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For breakfast the family eats no meat, just biscuits and milk gravy. The boy is ready to go check on Sounder, but his mother is preparing to leave. She wraps the walnut kernels in brown paper and puts the remaining pork sausage and ham in a meal sack before dressing in her warmest clothes. She is going to the store to sell the walnuts; she does not say what she is going to do with the meal sack slung over her shoulder. Mother warns the boy not to wander too far looking for Sounder, as he is not likely to be found today. If a stranger comes to the cabin, he should say nothing. The boy nods but does not speak.
Mother leaves, singing a mournful song. Her son wants to run after her but only watches until she is just a speck in the distance and eventually fades into the earth. It is a dreary day and the boy worries that people are going to be unkind to his mother; he imagines the many cruel things which might happen to her in town. He had hoped the sun would shine so the ground would be softer when he has to bury Sounder. The boy wants to cry, but he does not.
He carries wood into the cabin, builds up the fire, and warns his siblings not to open the stove door. He takes Sounder’s ear from under his pillow and is thankful his mother washes his sheets and pillowcase every week, just as she does for the people who live in the big houses. She also washes their curtains twice a year, but the boy has never looked through a window with curtains on it. The fire in the stove has burned down a bit, so he leaves to do his sad task: drag Sounder out from under the porch and bury him. He is not eager to do this awful thing, but he finally goes outside before it gets any colder. Sounder did not die in his favorite spot, as the indentation just behind the front steps of the porch where his master placed some coffee sacks for some insulation from the cold is empty.
Mother said Sounder would die in the farthest corner under the porch, so that is where the boy crawls. It is a dirty, dusty mess, but Sounder is nowhere under the cabin. The boy loses Sounder’s ear as he crawls on his belly looking for the dog. It is unlikely that a wild creature carried the carcass away, so the boy thinks that perhaps Sounder is not as hurt as the boy thought and somehow managed to follow his master. Now the boy cries, and he walks the road as far as he dares. There is no sign of Sounder.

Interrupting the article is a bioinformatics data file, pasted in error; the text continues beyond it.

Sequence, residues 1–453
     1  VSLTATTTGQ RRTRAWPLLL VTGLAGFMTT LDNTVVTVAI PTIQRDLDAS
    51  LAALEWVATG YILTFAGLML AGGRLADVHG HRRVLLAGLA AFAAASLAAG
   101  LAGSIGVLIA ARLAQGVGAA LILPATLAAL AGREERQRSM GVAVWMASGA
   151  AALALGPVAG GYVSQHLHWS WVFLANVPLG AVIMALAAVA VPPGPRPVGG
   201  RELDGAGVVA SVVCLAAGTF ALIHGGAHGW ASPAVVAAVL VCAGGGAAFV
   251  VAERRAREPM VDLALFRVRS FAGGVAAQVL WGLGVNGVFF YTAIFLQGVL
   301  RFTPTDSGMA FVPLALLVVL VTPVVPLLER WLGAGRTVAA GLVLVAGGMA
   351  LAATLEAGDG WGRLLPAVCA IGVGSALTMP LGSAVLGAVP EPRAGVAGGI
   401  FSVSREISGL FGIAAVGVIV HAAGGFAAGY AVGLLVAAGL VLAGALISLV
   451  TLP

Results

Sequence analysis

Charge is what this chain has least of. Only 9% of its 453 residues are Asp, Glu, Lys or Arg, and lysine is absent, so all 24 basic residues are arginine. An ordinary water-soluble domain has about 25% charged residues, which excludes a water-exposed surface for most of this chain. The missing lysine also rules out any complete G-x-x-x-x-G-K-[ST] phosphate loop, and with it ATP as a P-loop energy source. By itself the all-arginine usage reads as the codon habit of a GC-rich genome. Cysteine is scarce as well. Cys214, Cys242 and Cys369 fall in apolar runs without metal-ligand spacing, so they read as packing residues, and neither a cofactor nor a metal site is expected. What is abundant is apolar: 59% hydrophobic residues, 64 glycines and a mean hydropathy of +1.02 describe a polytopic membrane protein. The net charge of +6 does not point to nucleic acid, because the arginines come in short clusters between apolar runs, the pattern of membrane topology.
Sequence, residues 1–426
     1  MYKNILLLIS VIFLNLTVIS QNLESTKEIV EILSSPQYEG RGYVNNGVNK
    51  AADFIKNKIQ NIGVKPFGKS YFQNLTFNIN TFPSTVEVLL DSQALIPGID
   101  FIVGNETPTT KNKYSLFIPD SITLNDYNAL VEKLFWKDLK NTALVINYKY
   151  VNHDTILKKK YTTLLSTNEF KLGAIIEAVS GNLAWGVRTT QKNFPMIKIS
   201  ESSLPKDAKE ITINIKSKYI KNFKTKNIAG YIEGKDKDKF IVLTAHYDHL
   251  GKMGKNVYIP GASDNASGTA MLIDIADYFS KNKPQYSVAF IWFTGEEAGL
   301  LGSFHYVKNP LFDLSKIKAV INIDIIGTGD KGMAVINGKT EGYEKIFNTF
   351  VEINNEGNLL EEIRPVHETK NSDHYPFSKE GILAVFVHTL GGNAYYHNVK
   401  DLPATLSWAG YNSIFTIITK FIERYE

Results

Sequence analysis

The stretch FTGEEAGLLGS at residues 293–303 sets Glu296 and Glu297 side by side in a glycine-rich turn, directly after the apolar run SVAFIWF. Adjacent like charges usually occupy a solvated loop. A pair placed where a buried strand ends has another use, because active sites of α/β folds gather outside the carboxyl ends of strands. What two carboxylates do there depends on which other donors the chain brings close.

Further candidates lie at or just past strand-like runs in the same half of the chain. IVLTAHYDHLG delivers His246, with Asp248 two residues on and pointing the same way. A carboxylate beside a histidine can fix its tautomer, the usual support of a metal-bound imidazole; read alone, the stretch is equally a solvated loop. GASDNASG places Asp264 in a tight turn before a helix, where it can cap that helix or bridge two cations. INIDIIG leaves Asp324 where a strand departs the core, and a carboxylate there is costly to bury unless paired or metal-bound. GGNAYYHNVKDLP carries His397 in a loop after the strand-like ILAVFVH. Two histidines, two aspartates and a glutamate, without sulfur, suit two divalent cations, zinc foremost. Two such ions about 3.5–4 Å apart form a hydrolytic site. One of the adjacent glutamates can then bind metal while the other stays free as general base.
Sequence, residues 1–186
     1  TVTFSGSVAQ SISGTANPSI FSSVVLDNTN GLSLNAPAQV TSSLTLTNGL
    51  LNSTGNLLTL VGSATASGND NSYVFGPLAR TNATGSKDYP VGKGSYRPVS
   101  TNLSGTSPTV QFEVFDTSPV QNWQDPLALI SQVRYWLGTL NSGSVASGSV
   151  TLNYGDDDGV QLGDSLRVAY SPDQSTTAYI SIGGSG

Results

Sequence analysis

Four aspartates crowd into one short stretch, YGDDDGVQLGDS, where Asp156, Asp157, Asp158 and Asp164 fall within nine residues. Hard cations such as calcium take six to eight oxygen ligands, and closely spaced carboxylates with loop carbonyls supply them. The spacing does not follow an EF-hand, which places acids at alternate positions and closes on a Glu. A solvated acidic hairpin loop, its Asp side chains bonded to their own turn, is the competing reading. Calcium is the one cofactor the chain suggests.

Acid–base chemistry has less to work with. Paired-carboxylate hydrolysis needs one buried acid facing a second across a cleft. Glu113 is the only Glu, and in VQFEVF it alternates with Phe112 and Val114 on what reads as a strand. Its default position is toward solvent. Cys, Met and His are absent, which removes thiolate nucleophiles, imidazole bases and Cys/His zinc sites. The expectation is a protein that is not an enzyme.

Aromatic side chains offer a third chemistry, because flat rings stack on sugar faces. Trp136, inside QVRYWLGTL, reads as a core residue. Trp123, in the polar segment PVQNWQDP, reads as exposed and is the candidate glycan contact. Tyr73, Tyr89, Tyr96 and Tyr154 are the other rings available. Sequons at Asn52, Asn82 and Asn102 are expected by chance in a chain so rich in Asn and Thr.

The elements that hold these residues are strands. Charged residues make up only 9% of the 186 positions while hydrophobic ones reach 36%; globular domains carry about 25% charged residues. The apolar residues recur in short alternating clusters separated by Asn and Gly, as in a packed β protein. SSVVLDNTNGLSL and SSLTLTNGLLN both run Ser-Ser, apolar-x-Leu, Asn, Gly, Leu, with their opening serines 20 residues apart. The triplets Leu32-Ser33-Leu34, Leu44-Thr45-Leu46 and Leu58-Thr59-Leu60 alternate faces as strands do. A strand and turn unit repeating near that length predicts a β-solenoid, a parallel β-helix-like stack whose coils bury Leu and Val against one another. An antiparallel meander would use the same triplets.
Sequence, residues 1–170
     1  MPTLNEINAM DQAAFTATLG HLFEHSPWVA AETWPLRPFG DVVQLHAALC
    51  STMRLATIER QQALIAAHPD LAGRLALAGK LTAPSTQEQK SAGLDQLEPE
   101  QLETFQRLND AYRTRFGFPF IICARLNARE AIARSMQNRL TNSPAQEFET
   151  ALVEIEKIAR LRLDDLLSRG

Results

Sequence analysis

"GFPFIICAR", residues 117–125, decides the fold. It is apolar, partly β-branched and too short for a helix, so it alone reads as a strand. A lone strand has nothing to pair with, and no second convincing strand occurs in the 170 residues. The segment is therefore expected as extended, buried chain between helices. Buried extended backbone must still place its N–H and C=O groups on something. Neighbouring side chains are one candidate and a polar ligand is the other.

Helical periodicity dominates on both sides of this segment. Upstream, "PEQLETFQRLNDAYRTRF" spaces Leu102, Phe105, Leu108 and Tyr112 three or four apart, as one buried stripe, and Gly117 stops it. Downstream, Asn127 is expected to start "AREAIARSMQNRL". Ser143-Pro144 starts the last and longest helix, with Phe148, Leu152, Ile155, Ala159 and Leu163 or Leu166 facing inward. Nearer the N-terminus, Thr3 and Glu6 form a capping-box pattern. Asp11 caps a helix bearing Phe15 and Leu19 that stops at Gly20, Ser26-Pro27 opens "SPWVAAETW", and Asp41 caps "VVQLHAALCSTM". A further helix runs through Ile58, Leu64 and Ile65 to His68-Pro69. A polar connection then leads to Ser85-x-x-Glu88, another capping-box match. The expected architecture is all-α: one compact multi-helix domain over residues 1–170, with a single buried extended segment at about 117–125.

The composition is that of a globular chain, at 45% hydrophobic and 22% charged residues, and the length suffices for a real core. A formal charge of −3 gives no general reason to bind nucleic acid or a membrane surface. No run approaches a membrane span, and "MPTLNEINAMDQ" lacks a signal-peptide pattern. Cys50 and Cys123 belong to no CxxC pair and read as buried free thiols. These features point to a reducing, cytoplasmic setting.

The boy feeds his siblings before carrying in wood for the night. Then he watches out the window for his mother. Finally he sees a speck on the road and it grows larger. He had hoped she might get to bring her father home if she returned the stolen meat, but she is alone. She tells her children that she returned the meat and comforts the boy, saying Sounder is probably healing his wounds in the natural way all animals know. The boy is not consoled.
Mother bought some fat meat, potatoes, and vanilla flavoring with her walnut money. She also brought a cardboard box. The boy sees the hurt in his mother’s eyes, but she says nothing about what happened in town. Tonight mother hums as she picks walnut kernels. She does not tell one of her wonderful Bible stories, even though he asks her. The next morning, the boy searches for Sounder in the woods. He comes home bedraggled and discouraged—and without the dog. Mother reminds him loss is part of living, and their family was born to lose.
Weeks go by and Sounder does not return. For Christmas, Mother bakes two cakes, a small one and a large one which she places in the cardboard box from the store. The next morning, mother asks the boy to take the cake to his father. Women are not allowed in the prison, so the boy must make the troublesome trip. She watches him walk away; when he is far enough away not to see her tears, she hollers at him to “act perkish” so he will not grieve his father. The boy walks but is afraid, especially as he gets close to town. Church bells are ringing and the boy thinks about the worn-out toys people in the big houses gave his mother and wishes they would have given her an old book. He is certain he could learn to read if he had a book.